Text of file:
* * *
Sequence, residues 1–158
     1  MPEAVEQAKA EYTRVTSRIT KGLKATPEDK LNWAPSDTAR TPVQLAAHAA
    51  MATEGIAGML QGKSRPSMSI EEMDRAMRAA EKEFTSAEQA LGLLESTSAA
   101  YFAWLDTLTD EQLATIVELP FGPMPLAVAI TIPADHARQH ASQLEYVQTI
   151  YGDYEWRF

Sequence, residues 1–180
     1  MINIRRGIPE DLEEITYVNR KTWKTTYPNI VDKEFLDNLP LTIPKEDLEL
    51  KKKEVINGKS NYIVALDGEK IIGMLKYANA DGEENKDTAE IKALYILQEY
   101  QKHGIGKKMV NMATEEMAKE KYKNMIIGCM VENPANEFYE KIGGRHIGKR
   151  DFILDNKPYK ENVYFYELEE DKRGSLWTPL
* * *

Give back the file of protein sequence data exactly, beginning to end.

Sequence, residues 1–158
     1  MPEAVEQAKA EYTRVTSRIT KGLKATPEDK LNWAPSDTAR TPVQLAAHAA
    51  MATEGIAGML QGKSRPSMSI EEMDRAMRAA EKEFTSAEQA LGLLESTSAA
   101  YFAWLDTLTD EQLATIVELP FGPMPLAVAI TIPADHARQH ASQLEYVQTI
   151  YGDYEWRF

Sequence, residues 1–180
     1  MINIRRGIPE DLEEITYVNR KTWKTTYPNI VDKEFLDNLP LTIPKEDLEL
    51  KKKEVINGKS NYIVALDGEK IIGMLKYANA DGEENKDTAE IKALYILQEY
   101  QKHGIGKKMV NMATEEMAKE KYKNMIIGCM VENPANEFYE KIGGRHIGKR
   151  DFILDNKPYK ENVYFYELEE DKRGSLWTPL